Gold inched lower on Wednesday, after advancing for three straight days on hopes that central banks in Europe and the United States will launch more stimulus measures to help shore up faltering economies.
Spot gold edged down $1.29 to $1,609.39 an ounce by 0018 GMT, after rising more than 1 percent over the past three sessions.
U.S. gold futures contract for December delivery was little changed at $1,612.50.
Ratings agency Standard & Poor's revised Greece's outlook to negative, saying the debt-ridden euro zone country could need more help from its international creditors.
German industrial orders fell more than expected in June as domestic and euro zone demand faltered, indicating the single currency bloc's debt crisis is taking its toll on Europe's largest economy.
Italy shrank further into recession in the second quarter for a 2.5 percent yearly decline, data showed on Tuesday, threatening attempts by Mario Monti's technocrat government to control a debt crisis that is undermining the whole euro zone.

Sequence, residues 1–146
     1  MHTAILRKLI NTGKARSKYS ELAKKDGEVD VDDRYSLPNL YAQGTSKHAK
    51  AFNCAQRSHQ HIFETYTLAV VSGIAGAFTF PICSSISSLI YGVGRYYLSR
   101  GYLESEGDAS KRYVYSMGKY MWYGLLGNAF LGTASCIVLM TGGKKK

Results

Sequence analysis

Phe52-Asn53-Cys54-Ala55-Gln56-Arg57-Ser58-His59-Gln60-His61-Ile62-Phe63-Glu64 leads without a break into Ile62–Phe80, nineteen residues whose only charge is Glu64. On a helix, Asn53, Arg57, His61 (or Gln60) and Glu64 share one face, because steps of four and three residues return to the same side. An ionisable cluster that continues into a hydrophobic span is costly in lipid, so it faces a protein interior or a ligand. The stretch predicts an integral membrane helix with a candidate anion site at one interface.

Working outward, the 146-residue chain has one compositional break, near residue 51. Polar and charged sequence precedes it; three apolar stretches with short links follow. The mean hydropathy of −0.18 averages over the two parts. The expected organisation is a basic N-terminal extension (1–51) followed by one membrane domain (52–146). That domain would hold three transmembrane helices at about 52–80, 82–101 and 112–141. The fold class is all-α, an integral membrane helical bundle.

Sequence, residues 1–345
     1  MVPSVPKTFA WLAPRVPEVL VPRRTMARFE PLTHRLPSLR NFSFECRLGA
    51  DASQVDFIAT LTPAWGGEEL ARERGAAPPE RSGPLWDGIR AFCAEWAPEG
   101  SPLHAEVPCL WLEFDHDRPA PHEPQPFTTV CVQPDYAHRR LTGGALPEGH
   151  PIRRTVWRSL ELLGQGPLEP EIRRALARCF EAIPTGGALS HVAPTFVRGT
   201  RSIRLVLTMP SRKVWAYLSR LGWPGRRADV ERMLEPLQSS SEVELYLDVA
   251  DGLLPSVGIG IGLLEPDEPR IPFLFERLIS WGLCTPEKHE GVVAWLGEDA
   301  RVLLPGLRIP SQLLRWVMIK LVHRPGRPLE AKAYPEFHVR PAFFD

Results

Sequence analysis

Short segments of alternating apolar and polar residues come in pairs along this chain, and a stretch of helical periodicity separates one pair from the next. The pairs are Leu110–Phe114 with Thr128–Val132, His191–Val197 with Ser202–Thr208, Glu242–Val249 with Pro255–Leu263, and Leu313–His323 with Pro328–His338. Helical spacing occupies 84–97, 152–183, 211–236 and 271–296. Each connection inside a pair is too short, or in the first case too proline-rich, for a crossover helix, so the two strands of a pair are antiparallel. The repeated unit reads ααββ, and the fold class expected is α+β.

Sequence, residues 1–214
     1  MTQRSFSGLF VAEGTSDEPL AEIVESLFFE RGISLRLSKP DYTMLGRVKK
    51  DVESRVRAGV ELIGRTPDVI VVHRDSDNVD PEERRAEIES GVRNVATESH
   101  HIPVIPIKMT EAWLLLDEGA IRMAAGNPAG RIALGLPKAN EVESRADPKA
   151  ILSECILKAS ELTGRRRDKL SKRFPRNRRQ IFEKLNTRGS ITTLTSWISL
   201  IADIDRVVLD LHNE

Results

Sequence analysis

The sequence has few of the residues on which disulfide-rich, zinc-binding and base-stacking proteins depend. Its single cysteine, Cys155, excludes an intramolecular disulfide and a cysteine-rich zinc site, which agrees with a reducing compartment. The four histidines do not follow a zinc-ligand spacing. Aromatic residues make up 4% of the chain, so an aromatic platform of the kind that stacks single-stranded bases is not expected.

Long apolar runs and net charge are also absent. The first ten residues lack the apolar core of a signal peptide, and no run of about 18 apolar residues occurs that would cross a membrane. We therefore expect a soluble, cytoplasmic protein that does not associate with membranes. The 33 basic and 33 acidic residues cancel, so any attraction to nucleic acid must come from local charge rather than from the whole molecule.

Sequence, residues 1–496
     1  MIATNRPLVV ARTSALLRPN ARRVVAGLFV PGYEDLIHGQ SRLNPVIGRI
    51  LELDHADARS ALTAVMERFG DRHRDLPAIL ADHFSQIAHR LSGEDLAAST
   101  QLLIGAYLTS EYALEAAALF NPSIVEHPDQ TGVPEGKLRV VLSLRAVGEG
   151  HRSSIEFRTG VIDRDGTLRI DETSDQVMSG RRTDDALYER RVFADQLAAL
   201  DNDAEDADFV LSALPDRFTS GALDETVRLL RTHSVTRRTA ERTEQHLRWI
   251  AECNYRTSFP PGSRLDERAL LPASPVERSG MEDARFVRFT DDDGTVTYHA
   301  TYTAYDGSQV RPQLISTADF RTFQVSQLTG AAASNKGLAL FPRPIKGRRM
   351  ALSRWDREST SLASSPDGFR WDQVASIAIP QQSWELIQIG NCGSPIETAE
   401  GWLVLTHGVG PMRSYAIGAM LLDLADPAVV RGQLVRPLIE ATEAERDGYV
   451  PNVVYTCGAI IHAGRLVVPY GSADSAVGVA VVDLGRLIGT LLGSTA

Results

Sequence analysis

Boston Fed Bank President Eric Rosengren said the central bank should launch another bond buying programme of whatever size and duration is necessary to get the economy back on its feet. Rosengren is not a voter on the policy-setting panel and is considered among the most outspoken "doves".
Spot silver eased to $27.99 per ounce, after rising to a one-week high of $28.23 on Tuesday.
U.S. stocks rose for a third straight day on Tuesday, pushing the S&P above 1,400 for the first time since early May, on growing optimism the European Central Bank would act soon to contain the euro zone's debt crisis.
The yen started Asian trading on the backfoot on Wednesday, having sagged across the board as investors continued to favour riskier assets on persistent hopes the European Central Bank and Federal Reserve will add more stimulus soon.